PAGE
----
Another way to help calm your kids is to dedicate a set amount of time during the week, say 10 minutes, where you stop being their parent and instead just play with them.
“All the rules of you being a parent are put aside. And for that 10 minutes, you do anything that the kid wants you to do, and they're in charge. Now it's not to ridiculous levels, you're not allowed to hurt yourself or anything.”
A strategy like this might be useful for a child who feels they’re not heard and has trouble calming down or a lot of anxiety, Wallis says.
Giving a child even this short period where they’re allowed to be in control can put them at some ease and help them express themselves more comfortably, he says.
“This might take three or four weeks, but your child will eventually work out that you're actually prioritising that and you're actually making that available and you're actually not correcting them and you're not changing the rules and not being in charge.
“A lot of kids' problems are about not feeling heard or their worldview is not validated, because it's seen from a child's point of view, and to an adult that's silly.”
Attachment beyond childhood
It isn't just during childhood that secure attachment needs to be fostered, Wallis says. Most people need that nurturing to continue up to somewhere between 18 and 32 years of age.
Humans are an interdependent species, despite some of us assuming complete independence once we hit adulthood.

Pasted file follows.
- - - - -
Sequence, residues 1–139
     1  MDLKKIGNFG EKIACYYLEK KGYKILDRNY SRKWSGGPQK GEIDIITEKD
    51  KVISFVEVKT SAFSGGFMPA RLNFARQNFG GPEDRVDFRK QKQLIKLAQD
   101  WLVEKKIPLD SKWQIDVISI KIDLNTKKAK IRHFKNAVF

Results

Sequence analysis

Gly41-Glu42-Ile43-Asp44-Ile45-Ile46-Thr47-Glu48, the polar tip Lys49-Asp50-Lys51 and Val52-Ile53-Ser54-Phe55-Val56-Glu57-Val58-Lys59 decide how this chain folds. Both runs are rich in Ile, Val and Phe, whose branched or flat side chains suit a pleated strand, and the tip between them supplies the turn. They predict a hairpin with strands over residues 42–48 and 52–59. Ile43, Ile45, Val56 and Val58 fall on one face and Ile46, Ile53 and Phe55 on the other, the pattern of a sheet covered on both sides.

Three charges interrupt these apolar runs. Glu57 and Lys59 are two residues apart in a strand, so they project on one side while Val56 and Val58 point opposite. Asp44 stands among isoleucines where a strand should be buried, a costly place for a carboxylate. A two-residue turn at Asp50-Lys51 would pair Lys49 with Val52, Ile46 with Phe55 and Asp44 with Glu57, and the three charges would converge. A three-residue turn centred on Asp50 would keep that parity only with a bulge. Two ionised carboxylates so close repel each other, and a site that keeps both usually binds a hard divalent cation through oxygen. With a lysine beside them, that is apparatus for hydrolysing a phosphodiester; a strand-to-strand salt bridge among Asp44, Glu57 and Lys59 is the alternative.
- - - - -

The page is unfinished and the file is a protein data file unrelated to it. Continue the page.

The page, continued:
“[Young people] are absolutely going to need nurturing until then because that brain that controls emotions is not going to be fully developed until then. So you need someone to help you calm those emotions.
“As a baby, you do it all for them in that first year, you're doing everything to calm their emotions. When they're 18 they're probably calming their emotions most the time until they have their breakup with a girlfriend or something, and then it's all your job again.”
Wallis understands it can often be difficult to know how to strike a balance between your child’s nurture and independence when they reach adulthood or seek to move out for university.
“You’ve got to keep an open line of communication with that child, they've got to feel like no matter what wild risk-taking and experimenting that they're doing that there is always an open line of communication to you and that you will help them first and judge them and tell them off second.”
Sometimes teenagers might give you contradicting messages or signals about not really needing your presence, Wallis says, but it’s still vital to keep the door open and let them know you’re always there.
Self-parenting as adults
Just as important as connection is young adults learning to self-parent, Wallis says.
“Everyone's got that voice inside their head, in fact. And it's just whether is that voice inside your head loving and nurturing you and your best friend? Or is that voice inside your head more like a critical parent, or someone telling you that you're not good enough, that you're not tall enough, that you're not clever enough, that you're not skinny enough, that you're not pretty enough?”
There’s a unifying theme among theorists that at some point individuals have to take control of their own inner voices, or self-talk, Wallis says.
“You have to train that voice inside your head to be your best friend and not be critical.”
Your best friend may challenge you wisely, but they won’t be mean about it like some self-talk can be, he says.
“The mirror surprisingly works for that – talking to yourself face in the mirror. I know it might sound stupid, but it's amazingly effective on the brain.”
Self-parenting can also help with resilience in tough times, Wallis says.
Ask yourself is “if I was my own best friend, how would I treat myself?”